While welcoming the specific, new EU Youth Strategy, the EESC strongly recommends youth mainstreaming throughout the work of all the different directorates-general (DGs) of the European Commission.

2.   Background


The proposed Strategy is the third framework proposed by the EU focusing on the young population in Europe. The new Strategy focuses on three areas of action: Engage, Connect and Empower, as opposed to the eight fields of actions in the EU 2010-2018 Youth Strategy: employment and entrepreneurship, social inclusion, participation, education and training, health and well-being, voluntary activities, youth and the world, creativity and culture.


The most important changes in the new Strategy comprise: creation of the EU Youth Coordinator, replacing the Youth Structured Dialogue with the EU Youth Dialogue, and the dilution of a series of previous objectives into cross-sectoral trends which aim at opening channels of communication between young people and policy makers.


As in the previous strategies, the Youth Guarantee is not included in the Strategy and is a part of the European Social Fund +.


In the field of the Strategy many initiatives exist at both national and EU level. Considerable work is done under Erasmus+, the Youth Guarantee, the Youth Employment Initiative and the European Social Fund. Other relevant areas referred to are the Agenda for Skills and the European Solidarity Corps. At the same time, other policies have a major impact on young people in what is referred to as cross-sectoral areas (for example transport, social affairs, health, external action and agriculture). In addition, Member States all have their own approaches to youth policies and to other issues impacting on young people.


Youth issues are embedded within the European Pillar of Social Rights, the UN 2030 Agenda for Sustainable Development and its Sustainable Development Goals and others.


The EESC has already adopted many opinions related to youth issues, such as the opinions on the Youth Employment Initiative (1), the Youth Guarantee (2), the European Solidarity Corps (3) or more recently on an EU framework for quality and effective apprenticeships (4). It has also assessed, from a civil society perspective, the implementation of EU policies for youth employment in a selection of six Member States, and mainly of the Youth Guarantee.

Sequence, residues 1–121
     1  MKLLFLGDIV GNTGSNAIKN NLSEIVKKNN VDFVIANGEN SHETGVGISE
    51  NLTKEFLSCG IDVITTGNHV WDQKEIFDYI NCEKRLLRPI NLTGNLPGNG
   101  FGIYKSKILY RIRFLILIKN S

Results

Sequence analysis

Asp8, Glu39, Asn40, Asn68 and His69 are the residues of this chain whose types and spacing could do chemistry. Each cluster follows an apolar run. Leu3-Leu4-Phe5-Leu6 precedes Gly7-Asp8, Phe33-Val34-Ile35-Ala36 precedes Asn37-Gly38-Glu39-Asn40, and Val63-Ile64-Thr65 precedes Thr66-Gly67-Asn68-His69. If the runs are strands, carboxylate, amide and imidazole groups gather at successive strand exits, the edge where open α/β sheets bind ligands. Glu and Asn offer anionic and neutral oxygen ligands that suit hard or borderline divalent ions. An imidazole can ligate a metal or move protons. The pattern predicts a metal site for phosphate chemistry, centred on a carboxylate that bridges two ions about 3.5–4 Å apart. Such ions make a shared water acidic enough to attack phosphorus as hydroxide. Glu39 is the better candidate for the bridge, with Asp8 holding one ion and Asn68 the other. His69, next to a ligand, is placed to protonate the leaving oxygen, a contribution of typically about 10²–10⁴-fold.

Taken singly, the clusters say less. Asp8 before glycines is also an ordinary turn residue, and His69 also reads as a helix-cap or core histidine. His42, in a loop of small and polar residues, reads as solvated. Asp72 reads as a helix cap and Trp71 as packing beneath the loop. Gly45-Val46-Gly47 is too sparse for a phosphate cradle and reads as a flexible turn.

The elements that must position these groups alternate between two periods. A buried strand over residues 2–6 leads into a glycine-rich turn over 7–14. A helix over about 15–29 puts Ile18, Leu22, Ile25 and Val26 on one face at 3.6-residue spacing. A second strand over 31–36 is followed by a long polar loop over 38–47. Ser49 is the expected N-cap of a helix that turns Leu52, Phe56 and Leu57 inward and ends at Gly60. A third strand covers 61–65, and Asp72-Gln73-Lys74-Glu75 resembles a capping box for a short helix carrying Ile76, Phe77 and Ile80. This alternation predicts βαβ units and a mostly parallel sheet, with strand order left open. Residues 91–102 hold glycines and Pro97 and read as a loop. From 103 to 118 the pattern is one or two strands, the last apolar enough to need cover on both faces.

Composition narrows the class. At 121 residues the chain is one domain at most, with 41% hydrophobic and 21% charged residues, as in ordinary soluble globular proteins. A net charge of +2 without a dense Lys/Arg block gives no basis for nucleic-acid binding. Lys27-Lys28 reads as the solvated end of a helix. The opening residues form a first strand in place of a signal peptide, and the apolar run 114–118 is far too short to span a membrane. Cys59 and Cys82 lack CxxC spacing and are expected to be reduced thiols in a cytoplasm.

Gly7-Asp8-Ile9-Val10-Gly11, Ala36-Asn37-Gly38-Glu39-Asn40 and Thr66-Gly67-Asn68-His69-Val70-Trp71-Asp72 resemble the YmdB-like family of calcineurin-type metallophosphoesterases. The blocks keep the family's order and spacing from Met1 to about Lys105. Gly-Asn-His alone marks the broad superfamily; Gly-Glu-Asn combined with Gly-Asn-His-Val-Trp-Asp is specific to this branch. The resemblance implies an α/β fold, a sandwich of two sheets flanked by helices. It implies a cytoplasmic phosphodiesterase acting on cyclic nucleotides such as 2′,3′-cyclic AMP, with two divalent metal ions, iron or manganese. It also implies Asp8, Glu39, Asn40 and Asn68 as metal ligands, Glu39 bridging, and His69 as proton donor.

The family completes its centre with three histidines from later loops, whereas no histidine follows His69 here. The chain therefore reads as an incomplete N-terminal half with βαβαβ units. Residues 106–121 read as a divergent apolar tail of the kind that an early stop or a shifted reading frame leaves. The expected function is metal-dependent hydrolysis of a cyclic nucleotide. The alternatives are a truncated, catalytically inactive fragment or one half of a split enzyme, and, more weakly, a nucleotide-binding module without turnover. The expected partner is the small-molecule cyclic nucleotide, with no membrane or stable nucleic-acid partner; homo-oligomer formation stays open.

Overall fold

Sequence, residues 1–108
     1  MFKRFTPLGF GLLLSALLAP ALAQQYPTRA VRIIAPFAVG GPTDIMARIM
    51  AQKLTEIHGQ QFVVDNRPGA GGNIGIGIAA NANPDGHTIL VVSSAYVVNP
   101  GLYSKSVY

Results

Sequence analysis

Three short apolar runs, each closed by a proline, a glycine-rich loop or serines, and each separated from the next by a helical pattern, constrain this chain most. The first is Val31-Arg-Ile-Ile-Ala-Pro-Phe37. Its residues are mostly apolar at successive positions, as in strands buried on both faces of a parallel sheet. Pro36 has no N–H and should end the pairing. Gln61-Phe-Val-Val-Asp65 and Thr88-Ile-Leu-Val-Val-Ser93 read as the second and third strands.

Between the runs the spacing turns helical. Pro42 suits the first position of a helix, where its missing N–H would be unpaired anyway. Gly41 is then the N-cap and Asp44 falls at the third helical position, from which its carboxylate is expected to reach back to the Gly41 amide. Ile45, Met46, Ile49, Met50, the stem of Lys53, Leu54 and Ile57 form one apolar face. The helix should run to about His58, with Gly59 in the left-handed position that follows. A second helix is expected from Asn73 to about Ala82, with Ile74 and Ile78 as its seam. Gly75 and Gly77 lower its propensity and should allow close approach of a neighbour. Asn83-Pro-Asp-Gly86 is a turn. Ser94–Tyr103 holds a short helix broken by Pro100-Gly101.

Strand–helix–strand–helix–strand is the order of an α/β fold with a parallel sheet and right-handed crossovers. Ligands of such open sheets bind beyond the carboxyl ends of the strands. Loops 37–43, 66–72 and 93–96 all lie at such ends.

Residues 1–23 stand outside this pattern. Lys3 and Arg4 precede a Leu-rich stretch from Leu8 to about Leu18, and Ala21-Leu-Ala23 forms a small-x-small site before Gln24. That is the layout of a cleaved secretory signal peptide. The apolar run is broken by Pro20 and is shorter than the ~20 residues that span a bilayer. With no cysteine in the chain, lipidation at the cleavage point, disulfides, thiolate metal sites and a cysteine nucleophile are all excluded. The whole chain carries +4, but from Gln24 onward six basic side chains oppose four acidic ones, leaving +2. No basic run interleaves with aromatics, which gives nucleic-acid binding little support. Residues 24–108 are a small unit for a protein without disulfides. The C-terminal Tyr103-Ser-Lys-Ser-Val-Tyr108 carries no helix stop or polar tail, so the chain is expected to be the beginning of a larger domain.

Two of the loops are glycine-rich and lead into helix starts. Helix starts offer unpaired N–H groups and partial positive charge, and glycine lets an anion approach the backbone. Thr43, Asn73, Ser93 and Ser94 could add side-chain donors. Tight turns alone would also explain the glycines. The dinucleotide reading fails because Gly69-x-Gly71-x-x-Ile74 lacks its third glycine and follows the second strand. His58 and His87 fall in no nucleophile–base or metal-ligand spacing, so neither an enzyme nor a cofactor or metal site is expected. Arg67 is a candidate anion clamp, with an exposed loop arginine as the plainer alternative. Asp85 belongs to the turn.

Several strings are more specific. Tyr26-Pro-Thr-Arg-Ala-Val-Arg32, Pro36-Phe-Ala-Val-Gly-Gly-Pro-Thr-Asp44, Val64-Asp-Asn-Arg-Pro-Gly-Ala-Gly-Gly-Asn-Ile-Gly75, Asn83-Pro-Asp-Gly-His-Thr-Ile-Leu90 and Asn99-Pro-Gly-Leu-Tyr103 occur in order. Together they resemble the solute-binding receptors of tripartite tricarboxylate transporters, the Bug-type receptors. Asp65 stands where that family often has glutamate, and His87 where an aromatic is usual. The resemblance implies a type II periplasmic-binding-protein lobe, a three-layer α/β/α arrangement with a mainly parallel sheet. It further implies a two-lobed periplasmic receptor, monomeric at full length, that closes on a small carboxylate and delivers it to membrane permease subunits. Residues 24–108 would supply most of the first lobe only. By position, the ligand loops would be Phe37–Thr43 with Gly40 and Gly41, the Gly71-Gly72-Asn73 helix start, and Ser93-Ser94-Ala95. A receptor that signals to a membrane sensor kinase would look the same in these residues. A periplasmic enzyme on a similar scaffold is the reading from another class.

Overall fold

In the EESC’s youth-led hearing organised for this opinion huge uncertainty was expressed by young people. They felt a lot of pressure and little acceptance of those who take a different path or those who leave school early. Some young people spoke of having to start thinking about pensions as teenagers. The transition to work remains a challenge and there was dissatisfaction about discrimination against young people in terms of pay when doing the same work, simply based on age. Housing and transport were critical issues too, along with digitalisation and problems with recognition and validation of skills gained through non-formal learning.

3.   General comments


The EESC welcomes the Strategy. It believes that it should be a comprehensive plan that leads to effective desired results and provides added value for young people, adding up to more than the sum of its parts and being more effective than a collection of different actions. The EESC believes the Strategy should be more connected with existing EU programmes such as Erasmus+, the Youth Guarantee or the European Solidarity Corps.


The notion of a holistic approach to policy issues has gained ground in recent times and is common at the EU and Member State level. This is welcome, as it recognises that social problems may not always fit into neat administrative categories. However, breaking down the traditional departmental roles, budgets and cultures is immensely challenging and there is a need to ensure that a holistic approach does not become some sort of panacea when an issue is too difficult, or policy-makers simply do want to take other options.